A design system to propel Spruce Labs’s mission to define the future of brick and mortar retail.
Spruce Labs's mission is to help brick and mortar retailers thrive by enabling them to create great experiences. From day one, Spruce has found success by combining technology with a human-centered approach to experience management.
Spruce evolved for years without any real design direction. We created a small library of components early on, but it hadn't changed since. As a result, component availability became the driver of experience design. This created an experience that felt wonky and awkward.
My goal with Heartwood was to create a shared design language to help our team improve Spruce. I decided early on that this would be more than a component library. We needed a tool, or a set of tools, that would scale with the product.
Defining our Design Principles
Before getting into visual styles or components, we defined our design principles. These would serve as stimulus for all future design decisions.
The next step was to determine Heartwood's system architecture. The last thing we wanted was to create a pretty design system that never gets implemented. We worked with the engineering team to figure out how we could get Heartwood into place and keep it up to date.
Using the architecture as a map, the next step was to define shared visual styles. We divided our styles into six main categories: color, typography, spacing, iconography, layer, and motion.
The component design phase began with the humble goal of parity. It was important to make sure we didn't forget to update any existing components. This would let us phase Heartwood into production without breaking anything. To ease the transition, we did a thorough audit of the existing codebase. From this audit, we redesigned each component to use our new shared styles.
The previous round of component design was lacking in detail. This caused a problem for the design team. To see a component in detail, one would have to look at production, which was often unstable. This situation meant the design team was often blocked from making progress. To solve this problem, we added in-depth details to our design documentation.
Cards for Humanity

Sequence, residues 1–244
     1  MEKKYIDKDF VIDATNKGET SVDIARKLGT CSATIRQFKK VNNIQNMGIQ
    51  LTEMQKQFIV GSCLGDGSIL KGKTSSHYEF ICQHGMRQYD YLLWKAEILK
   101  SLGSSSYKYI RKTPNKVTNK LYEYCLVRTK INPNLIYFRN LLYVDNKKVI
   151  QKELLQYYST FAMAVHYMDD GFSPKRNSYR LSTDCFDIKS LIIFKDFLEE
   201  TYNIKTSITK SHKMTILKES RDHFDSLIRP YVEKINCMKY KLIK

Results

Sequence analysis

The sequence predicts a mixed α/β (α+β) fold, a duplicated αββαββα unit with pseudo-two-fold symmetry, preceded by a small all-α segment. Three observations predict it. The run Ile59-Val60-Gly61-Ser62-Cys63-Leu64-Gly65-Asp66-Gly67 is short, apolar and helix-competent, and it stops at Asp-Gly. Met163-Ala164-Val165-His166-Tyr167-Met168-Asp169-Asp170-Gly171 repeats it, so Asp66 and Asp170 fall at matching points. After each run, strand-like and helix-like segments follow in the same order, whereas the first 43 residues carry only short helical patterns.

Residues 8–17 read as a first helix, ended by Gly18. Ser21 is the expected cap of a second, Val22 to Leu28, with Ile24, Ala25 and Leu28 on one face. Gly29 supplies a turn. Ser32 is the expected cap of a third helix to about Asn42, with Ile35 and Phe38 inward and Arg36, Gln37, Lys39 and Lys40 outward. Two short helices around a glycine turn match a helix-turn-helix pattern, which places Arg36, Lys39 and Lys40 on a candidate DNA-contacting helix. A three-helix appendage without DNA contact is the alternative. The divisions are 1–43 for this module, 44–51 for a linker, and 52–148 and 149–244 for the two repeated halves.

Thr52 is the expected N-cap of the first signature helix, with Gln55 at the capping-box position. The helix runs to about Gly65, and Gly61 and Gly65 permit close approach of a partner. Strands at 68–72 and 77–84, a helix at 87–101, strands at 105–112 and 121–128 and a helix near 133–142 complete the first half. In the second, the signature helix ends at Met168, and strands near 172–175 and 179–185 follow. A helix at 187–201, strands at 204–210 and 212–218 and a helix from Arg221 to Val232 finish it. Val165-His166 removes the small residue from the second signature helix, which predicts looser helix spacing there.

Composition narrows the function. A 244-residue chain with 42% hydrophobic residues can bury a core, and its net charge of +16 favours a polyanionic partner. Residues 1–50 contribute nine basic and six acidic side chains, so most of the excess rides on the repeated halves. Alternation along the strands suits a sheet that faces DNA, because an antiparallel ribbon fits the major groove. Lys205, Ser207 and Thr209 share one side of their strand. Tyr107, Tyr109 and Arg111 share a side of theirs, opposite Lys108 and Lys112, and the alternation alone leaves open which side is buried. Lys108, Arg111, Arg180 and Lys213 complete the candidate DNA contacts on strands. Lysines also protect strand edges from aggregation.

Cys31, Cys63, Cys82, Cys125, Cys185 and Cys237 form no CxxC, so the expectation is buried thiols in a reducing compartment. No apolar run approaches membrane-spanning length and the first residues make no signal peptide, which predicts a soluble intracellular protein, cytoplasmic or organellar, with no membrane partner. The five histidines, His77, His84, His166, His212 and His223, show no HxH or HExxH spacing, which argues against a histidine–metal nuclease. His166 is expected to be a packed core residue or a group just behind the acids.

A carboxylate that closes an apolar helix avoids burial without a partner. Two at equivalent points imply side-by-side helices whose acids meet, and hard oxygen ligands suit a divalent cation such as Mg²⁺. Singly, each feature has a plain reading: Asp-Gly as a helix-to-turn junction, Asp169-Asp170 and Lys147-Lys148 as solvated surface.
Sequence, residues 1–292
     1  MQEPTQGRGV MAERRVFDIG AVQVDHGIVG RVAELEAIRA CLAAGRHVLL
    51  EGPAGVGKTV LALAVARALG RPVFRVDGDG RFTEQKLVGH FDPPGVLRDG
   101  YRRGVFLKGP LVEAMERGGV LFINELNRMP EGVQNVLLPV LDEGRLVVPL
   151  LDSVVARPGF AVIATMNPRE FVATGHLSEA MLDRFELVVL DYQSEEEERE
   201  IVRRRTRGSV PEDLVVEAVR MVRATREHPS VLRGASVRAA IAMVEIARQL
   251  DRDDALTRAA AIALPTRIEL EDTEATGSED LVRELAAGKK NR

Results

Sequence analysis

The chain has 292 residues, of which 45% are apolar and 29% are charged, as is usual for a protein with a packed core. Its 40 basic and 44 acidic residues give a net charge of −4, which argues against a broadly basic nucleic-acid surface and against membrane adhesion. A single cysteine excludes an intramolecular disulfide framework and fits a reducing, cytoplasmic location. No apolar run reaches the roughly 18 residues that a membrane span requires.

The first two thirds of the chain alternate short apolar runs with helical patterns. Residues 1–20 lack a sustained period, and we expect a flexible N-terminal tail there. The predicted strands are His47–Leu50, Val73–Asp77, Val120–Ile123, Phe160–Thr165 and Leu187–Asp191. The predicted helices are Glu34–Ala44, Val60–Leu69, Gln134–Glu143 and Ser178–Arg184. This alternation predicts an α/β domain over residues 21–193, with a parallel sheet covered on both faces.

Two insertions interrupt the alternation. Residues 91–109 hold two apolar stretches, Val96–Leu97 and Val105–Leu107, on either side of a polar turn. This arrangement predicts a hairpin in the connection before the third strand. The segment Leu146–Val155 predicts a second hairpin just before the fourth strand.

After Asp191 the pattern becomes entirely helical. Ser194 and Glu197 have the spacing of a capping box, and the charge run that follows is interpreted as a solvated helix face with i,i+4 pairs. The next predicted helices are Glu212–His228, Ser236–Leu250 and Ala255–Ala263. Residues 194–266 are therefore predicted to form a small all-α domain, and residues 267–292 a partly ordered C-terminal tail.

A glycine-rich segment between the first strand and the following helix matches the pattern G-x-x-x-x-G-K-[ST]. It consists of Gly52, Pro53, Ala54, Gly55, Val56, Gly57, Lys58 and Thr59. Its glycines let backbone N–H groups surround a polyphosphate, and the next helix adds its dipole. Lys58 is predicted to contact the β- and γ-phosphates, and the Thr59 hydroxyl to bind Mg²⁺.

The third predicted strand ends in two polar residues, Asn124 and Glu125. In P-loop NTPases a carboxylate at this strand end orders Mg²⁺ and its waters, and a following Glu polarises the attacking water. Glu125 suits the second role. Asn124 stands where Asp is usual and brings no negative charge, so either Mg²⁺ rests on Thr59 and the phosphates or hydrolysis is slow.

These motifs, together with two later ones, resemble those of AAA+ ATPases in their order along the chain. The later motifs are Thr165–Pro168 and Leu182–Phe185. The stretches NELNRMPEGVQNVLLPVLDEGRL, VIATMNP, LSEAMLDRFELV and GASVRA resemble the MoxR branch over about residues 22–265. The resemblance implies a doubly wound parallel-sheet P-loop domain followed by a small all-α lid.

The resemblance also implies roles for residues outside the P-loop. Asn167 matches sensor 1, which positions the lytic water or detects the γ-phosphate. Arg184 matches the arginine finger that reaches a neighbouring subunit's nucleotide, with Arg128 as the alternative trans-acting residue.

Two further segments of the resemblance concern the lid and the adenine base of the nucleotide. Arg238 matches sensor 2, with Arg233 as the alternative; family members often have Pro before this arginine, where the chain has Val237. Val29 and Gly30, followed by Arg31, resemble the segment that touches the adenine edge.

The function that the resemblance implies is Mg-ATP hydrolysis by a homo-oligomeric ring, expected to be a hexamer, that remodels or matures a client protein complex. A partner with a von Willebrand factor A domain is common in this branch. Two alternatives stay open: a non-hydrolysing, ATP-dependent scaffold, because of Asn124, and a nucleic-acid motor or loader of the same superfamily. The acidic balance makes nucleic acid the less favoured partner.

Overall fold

We spent a week or so brainstorming about cards. We focused on what we could use them for, where they would live, and what types of content they'd need to support. Our goal was to invest in a component that would make the platform more flexible.
The new card component was a perfect candidate for improving our onboarding experience. We had already considered an onboarding card as one of its use cases. The advantage of having some of the simple design decisions already made was that we were able to focus on the trickier parts of the problem.
The main consideration for teammate booking was to start with a calendar view. On large enough screens, we opted to keep the calendar visible. Desk staff and receptionists tend to use large screens and like to see the whole team's schedule. This view makes it easy for an employee to find an available time and provider.
We decided to create “day” and “night” modes to kick the tires on a potential approach to white label theming. The main lift was to define semantic colors, which we could swap out to switch between modes.
Explorations in theming led to the development of Heartwood Tokens. We broke these out into a separate project and I created a static website to share with the team. Giving tokens their own home has the added benefit of making Heartwood more scalable. This opened the door to Heartwood evolving into a more robust set of tools with a cohesive foundation.
Heartwood has already gone a long way to make Spruce useful, usable, and beautiful. By providing a shared language, it has equipped the team at Spruce Labs to continue evolving their core product. Heartwood will continue to play a role in defining the future of brick and mortar retail.